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‘Tis the Season for Holiday Tax Tips


As we’re all aware, this decade’s Great Recession has dealt, and continues to deal, a significant blow to the budgets of many American families, leaving millions in debt, underwater in their mortgages, and in some cases falling behind on their tax bills, adding to their economic unrest.

So, even though tax day 2012 is weeks away, and the holidays may already have your full attention, it’s worth noting that there are some timely tips you can take between now and Dec. 31 that will make a real difference when it comes time to deal with the IRS next spring. In part one of its two-part report, according to AOL’s DailyFinance, there are four moves that could benefit your bottom line, and keep the tax man at bay, on April 15.

Give More to Your 401(k)
If you can afford to have to set aside some cash savings and your monthly budget can take the hit, consider giving more to your your 401(k) contribution. As DailyFinance puts it, “The more money you put into these retirement funds, the less you pay in taxes now -- and the more you earn for golden years. Taxes are like sandpaper that grinds down your returns over time, says Sizemore: Every dollar you pay in taxes today is a dollar that can't be invested for growth. There are also secondary benefits, such as protection from creditors. In most cases, assets held in a 401(k) or IRA are safe from creditors' claims.”

Give More Away
If you’re feeling the urge to purge over your holiday vacation, clean out your closets, garage, attic to donate clothing and household goods to your favorite charity. Why now? “The IRS allows a deduction for the fair market value of all non-cash contributions that are in good condition,” said DailyFinance. “If you're planning on a larger than normal contribution to your favorite charity, do it before Dec. 31 to lower your taxes this year.” And be sure to get a receipt for your tax records!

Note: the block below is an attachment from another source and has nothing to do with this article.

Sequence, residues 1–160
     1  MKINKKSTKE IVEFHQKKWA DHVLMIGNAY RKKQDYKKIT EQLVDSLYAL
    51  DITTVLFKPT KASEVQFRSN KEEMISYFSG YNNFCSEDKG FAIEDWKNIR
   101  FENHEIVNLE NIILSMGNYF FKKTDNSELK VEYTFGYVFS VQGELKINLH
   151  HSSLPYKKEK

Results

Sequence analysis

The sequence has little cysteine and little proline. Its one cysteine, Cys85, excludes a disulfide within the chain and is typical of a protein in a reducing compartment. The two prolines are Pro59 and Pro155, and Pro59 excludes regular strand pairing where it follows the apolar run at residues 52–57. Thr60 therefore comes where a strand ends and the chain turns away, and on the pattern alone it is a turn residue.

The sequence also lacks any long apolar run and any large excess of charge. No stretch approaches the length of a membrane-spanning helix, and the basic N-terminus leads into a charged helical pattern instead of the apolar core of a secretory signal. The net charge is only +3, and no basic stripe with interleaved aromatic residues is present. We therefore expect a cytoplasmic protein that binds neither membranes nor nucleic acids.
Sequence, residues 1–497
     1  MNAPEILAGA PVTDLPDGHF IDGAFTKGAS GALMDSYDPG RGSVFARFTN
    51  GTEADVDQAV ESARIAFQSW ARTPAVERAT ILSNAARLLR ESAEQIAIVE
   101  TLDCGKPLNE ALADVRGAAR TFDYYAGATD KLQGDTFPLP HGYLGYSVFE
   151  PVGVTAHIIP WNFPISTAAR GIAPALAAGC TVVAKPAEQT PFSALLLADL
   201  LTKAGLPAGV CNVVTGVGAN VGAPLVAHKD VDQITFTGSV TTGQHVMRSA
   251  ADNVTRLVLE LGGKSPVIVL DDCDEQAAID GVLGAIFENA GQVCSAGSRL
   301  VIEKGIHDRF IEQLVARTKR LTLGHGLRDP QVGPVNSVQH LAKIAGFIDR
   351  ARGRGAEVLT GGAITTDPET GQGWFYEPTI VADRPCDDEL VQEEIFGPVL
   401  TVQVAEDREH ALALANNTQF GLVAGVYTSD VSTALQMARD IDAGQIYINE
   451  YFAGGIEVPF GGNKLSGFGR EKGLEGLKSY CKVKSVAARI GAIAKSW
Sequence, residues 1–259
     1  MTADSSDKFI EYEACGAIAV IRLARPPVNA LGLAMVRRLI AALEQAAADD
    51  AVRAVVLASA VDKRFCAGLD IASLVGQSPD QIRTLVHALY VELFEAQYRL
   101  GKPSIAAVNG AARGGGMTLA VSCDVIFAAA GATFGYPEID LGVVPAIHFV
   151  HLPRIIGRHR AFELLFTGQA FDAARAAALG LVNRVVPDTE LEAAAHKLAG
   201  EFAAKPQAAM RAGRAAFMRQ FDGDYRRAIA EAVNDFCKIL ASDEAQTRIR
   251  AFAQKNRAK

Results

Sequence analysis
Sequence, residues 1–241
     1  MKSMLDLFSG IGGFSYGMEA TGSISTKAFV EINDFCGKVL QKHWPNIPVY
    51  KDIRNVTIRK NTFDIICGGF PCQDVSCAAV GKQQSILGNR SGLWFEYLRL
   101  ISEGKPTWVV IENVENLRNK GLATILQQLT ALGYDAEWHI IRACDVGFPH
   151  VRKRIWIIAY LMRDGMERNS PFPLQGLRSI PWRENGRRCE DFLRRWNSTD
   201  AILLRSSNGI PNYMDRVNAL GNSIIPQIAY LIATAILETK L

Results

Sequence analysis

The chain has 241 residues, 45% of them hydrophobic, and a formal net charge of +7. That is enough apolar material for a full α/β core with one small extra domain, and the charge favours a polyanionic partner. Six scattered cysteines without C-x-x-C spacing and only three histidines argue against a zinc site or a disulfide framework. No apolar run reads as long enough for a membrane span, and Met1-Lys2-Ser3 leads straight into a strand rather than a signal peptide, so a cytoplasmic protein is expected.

A Charitable Loophole for Mature Americans
This season, savvy seniors can also reap significant tax benefits even without itemizing. “A little-known tax planning tip involves charitable contributions for people over 70½ years old. Many senior citizens have no mortgage interest to pay and  don't have enough deductions to itemize. So typically, they would receive no tax benefit from their charitable contributions. However, those over 70½ years old can direct part or all of their required minimum IRA distribution (up to $100,000) directly to a charity tax-free. Even though they aren't itemizing their deductions, they'll reap the tax benefit of not reporting the donated distribution as income, says Joseph Arena, director of tax and business services for Brighton Securities.”

Remember, Bankruptcy can discharge some or all of your taxes
Depending on when your taxes were incurred, some (or all) of the taxes might be completely dischargeable in bankruptcy. That means, just like your credit card debt, it can be wiped out under the powerful provisions of the bankruptcy code. Even if the tax debt is not dischargeable, a Chapter 13 plan can help you structure an affordable repayment plan, often on terms much more favorable than the IRS can offer.

And remember, if you’ve been impacted by the economy and are wondering how to free up more money to pay your taxes, knowing a qualified bankruptcy attorney can also help you to conquer your creditors and face your financial fears, yielding the right kinds of support, information and insights—at a low cost— for a viable and secure future. The bankruptcy attorneys at the Law Offices of John T. Orcutt offer a totally FREE debt consultation and now, more than ever, it’s time to take them up on their offer. Just call toll free to +1-919-646-2654, or during the off hours, you can make your own appointment right online at www.billsbills.com. Simply click on the yellow “FREE Consultation Now” button.

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